I’m still waiting to hear an atheist say something impressive

2 May

Hello, and welcome to my first proper blog post on Cookie Supermarket!

I frequently have discussions about faith with atheist friends, usually on Facebook. Many of them are passionate in their claim that there is no such thing as God, or indeed any god. A lot of them appear to put great faith in the pronouncements of prominent atheists such as Richard Dawkins, Christopher Hitchens, et al.

After a couple of years of going around in circles, patterns are emerging. And they don’t bode well for atheism.

    1. Atheism is not rational, analytical, logical and scientific, as its proponents claim. I have never heard so much circular logic as when atheism is boiled down to its essentials. “There is no God because there is no God,” or indeed, “Miracles cannot happen because miracles cannot happen,”  is a fair summation of the logic applied. Much of the logic is founded on a vested interest: there is said to be no God because the atheist cannot or will not bring themselves to believe in God. As one has said, “An atheist cannot find God for the same reason that a thief cannot find a policeman.”
    2. The “high priests” of atheism make arguments based on mockery and disbelief rather than careful consideration of the facts. Consider this gem by Christopher Hitchens – hailed by atheists as a “destruction of biblical miracle claims” – in which he argues that it is possible to consider something a miracle if you are ignorant of the facts, i.e. you see your friend, whom you thought had been executed yesterday, walking around in town and assume he has been raised from the dead. Clearly that is not a miracle if the friend did not die. Christians and atheists can agree on that. Hitchens gets his laugh from the audience, but completely neglects to consider what happens if your friend who was executed (he is, of course, making a jokey reference to Jesus Christ) actually did die and was then seen walking around a few days later. In short, his argument is based upon the a priori conclusion that resurrection is impossible. The actual facts of the Resurrection are not even considered. Hitchens’ argument would not stand up in a court of law.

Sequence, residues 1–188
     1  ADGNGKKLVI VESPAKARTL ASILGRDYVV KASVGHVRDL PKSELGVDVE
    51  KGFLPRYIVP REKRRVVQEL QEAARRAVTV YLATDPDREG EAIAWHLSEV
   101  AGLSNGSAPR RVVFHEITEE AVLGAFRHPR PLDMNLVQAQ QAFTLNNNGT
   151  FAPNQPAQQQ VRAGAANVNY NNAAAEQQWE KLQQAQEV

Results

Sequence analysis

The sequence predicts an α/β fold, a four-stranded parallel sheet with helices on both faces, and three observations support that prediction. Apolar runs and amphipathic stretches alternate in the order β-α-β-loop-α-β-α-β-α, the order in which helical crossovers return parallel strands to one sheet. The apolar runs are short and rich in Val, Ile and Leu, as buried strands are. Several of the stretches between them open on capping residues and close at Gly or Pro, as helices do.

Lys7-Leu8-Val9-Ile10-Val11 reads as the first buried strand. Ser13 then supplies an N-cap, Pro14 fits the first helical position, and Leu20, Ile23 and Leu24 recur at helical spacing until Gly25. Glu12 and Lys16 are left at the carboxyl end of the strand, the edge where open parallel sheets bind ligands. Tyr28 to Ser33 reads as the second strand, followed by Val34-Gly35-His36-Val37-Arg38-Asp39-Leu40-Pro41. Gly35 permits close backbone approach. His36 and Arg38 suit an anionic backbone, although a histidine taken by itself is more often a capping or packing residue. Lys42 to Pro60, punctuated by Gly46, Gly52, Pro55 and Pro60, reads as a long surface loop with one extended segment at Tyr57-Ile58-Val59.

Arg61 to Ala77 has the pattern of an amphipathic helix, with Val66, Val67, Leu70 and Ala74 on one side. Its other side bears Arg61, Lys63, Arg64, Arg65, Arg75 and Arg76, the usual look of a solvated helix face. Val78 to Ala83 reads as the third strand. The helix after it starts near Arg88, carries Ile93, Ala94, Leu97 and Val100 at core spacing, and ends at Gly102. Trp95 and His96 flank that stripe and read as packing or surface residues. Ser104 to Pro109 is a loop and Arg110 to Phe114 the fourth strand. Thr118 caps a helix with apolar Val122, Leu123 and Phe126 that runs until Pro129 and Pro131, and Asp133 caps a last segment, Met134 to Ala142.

3. Scandalous use of red herrings. Hitchens goes on to say that many people were raised from the dead in Jesus’ day, and that this disproves Jesus’ divinity as any of these other people who were raised from the dead could make the same claim. Again, Hitchens fails to consider the facts. Of all those raised from the dead, Jesus alone spoke of being the Messiah, God, and the Son of God. He alone was the fulfilment of centuries of Old Testament prophecy. And of Him alone was it said that “[God] has set a day when he will judge the world with justice by the man he has appointed. He has given proof of this to all men by raising him from the dead.” (Acts 17:31) Hitchens’ reference to the “others” who were raised from the dead is a red herring: it proves (or indeed disproves) nothing, because once again the atheist has not done justice to the facts.

Obviously there is more one could say on so great a subject. Atheists put a huge amount of faith in physics explaining ever more distant acts of cosmic upheaval as proof that God was not involved in creation – yet this only delays the invevitable question of where the original matter, energy or space-time fabric came from which permitted that upheaval to take place. The principle that nothing can come from nothing is basic science, yet it seems to be conveniently ignored by atheists.